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“ In his 10 years as President, Jim travelled to more than 120 countries, often accompanied by Elaine, to better understand the challenges facing the bank’s member countries.

“In addition to visiting development projects, Jim met clients and representatives from business, labor, media, non-governmental organisations, religious and women’s groups, students, and teachers,” he said.

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He added that in 1996, the World Bank and the International Monetary Fund (IMF) inaugurated the Heavily Indebted Poor Countries Initiative, the first comprehensive debt reduction programme.

“As of August 2004, 27 of the world’s poorest countries were receiving substantial debt relief under the programme that amounted, over time, to more than 53 billion dollars.

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“Jim introduced the Comprehensive Development Framework in 1999, which emphasised country ownership of poverty reduction strategies and strong partnerships among government, civil society, and the private sector.”

He said that in 2012, to recognise the profound impact the former president had on the lives of the poorest, the center of the bank’s headquarters building was dedicated as the James D. Wolfensohn Atrium.

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According to Malpass, prior to joining the bank, Jim established his career as an international investment banker with a parallel involvement in development issues and the global economy.

“We extend our deepest sympathy to Jim and Elaine’s children, Sara, Naomi, and Adam,” he said.

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#Newsworthy

COVID-19: Global economic recovery remains difficult – IMF

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In a separate research note, the IMF called for countries to work together to finish the pandemic off.

The global economy faces a hard road back from the Covid-19 downturn, and nations should remove trade barriers on medical technologies to aid the recovery, the IMF chief said on Thursday.

The call from Managing Director Kristalina Georgieva ahead of this week’s G20 leaders summit comes as countries grapple with the fallout from a pandemic that has killed hundreds of thousands and caused a sharp contraction in growth.

“While a medical solution to the crisis is now in sight, the economic path ahead remains difficult and prone to setbacks,” Georgieva said in a blog post.

Major pharmaceutical companies are now closing in on vaccines against the virus, amid a global spike in cases that has caused some countries to reimpose restrictions to curb transmission.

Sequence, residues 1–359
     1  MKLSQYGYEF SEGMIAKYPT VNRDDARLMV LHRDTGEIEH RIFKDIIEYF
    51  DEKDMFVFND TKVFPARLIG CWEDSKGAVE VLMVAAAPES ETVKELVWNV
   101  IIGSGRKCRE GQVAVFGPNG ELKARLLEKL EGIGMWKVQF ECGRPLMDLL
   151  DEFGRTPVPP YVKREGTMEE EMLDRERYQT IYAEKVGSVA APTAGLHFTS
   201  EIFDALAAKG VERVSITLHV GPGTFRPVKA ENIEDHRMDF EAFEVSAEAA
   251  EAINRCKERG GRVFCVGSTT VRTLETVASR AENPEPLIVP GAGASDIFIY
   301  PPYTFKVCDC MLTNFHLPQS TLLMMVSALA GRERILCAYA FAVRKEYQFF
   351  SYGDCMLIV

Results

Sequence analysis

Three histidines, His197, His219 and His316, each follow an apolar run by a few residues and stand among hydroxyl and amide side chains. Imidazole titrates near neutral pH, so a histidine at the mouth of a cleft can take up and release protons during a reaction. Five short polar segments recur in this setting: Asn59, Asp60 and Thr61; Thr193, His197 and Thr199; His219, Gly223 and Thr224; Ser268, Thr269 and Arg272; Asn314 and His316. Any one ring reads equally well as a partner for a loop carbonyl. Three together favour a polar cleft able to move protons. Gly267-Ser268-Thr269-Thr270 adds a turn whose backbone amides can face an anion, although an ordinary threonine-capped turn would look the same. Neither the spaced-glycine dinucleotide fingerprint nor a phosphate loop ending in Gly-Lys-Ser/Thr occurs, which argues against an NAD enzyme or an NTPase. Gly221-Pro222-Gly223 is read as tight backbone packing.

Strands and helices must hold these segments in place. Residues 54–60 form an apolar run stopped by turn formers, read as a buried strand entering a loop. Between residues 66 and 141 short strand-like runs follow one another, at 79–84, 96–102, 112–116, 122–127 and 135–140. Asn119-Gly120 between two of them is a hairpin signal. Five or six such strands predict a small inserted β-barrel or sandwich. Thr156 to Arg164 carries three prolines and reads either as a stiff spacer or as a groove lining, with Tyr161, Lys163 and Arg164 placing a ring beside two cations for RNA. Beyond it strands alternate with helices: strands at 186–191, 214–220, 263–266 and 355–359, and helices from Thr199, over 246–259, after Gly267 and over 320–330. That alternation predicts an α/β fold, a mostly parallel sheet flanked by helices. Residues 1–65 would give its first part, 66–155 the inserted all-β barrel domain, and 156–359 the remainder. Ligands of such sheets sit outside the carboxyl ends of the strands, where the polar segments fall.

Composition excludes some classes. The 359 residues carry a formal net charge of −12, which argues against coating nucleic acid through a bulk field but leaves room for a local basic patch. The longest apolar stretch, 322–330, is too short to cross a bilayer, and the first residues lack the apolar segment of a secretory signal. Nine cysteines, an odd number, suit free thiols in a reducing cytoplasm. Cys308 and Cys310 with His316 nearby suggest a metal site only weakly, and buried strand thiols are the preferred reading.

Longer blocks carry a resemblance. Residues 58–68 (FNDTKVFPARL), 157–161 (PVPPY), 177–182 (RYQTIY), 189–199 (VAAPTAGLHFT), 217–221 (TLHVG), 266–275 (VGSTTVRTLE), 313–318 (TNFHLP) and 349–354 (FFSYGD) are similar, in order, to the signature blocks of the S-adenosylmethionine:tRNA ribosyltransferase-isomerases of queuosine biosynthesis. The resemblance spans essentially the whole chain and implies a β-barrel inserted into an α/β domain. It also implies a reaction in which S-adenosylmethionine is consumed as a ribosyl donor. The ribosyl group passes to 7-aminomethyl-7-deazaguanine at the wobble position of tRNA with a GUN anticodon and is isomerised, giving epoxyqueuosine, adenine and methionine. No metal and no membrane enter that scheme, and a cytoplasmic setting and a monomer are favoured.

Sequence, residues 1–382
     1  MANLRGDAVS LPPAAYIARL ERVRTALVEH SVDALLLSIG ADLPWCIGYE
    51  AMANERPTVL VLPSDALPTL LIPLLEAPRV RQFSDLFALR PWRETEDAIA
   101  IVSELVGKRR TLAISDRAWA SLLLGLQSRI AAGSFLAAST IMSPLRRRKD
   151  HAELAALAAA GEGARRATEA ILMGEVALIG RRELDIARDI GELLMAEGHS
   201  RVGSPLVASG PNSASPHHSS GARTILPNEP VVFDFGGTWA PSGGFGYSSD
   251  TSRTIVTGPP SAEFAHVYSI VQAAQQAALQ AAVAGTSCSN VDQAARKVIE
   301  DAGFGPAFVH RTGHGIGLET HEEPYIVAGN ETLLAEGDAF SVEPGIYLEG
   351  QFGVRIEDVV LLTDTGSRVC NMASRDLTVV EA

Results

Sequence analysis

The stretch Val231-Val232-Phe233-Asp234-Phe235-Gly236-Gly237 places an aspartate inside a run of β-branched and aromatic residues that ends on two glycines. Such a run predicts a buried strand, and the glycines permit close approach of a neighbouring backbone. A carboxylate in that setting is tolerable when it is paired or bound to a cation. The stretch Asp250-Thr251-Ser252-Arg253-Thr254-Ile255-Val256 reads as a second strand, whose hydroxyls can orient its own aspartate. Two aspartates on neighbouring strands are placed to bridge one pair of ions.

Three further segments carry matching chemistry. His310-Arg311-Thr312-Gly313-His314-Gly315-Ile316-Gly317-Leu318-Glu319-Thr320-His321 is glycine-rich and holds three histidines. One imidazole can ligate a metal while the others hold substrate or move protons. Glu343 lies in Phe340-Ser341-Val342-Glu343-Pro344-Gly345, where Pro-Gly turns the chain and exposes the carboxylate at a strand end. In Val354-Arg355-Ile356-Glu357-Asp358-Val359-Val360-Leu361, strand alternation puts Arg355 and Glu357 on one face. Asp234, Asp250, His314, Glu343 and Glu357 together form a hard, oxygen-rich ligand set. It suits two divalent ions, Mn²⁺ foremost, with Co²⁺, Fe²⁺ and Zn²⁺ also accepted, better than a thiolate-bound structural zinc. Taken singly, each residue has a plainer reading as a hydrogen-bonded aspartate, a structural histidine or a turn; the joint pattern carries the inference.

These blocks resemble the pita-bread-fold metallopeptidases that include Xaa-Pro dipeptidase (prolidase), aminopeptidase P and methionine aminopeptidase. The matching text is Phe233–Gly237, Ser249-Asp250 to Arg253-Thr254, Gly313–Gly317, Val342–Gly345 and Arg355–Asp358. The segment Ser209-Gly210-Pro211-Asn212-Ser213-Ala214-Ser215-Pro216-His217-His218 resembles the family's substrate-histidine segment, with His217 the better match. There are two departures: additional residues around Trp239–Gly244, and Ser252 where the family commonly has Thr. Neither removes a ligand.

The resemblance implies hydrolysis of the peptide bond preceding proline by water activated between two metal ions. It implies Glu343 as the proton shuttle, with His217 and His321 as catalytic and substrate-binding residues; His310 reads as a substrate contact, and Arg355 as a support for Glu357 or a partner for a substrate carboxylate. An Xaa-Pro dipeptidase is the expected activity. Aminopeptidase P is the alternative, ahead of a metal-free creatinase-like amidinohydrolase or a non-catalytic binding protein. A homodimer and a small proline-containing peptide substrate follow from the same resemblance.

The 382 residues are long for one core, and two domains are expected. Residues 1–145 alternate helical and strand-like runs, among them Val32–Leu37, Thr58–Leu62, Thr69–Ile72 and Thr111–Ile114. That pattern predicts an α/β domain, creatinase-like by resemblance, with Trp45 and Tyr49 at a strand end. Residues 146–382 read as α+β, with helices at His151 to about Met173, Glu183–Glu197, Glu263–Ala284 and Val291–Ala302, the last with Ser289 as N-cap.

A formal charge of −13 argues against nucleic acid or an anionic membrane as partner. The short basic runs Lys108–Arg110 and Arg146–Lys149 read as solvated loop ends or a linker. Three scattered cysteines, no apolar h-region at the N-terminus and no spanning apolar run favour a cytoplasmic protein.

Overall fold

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“The resurgence in infections is a powerful reminder that a sustainable economic recovery cannot be achieved anywhere unless we defeat the pandemic everywhere,” Georgieva said.

She called for countries to cooperate to ensure an adequate supply of vaccines, tests and medicines, as well as “multilateral efforts on the manufacturing, purchase and distribution of these health solutions — especially in poorer nations.

It also means removing recent trade restrictions on all medical goods and services, including those related to vaccines,” Georgieva said.

– Last summit –
The Covid-19 pandemic has caused more than 1.3 million deaths worldwide, according to an AFP tally, and wreaked a grievous toll on the global economy.

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The IMF expects global growth to contract by 4.4 percent this year before rebounding 5.2 percent in 2021. However, Georgieva noted third-quarter growth was better than expected in the United States, Japan and European countries.

The virtual summit hosted by Saudi Arabia is set to be the last during the term of US President Donald Trump, who lost his bid for another four years in office earlier this month, though he has rejected the results.

Under his leadership, Washington has engaged in trade conflicts with strategic rival China as well as its European allies, which slowed down global growth even before the virus’s arrival.

“Combining well-coordinated national policies with joint measures at the global level will help ensure a strong, sustainable recovery,” the Washington-based crisis lender said.

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“In the immediate term, the G20 should refrain from imposing or intensifying trade restrictions and promptly remove those put in place since the start of the year on all medical goods and services as well as on any goods and services related to vaccine manufacturing and distribution.”

The IMF called for Britain and the European Union to conclude a trade deal that would forestall new trade barriers as London disentangles itself from the regional bloc.

The lender also reiterated its call for more public spending to help countries escape the growth slowdown and reshape their economies for both growth and to fight climate change.


#Newsworthy

Air travels traffic increases by 35% amid resumption.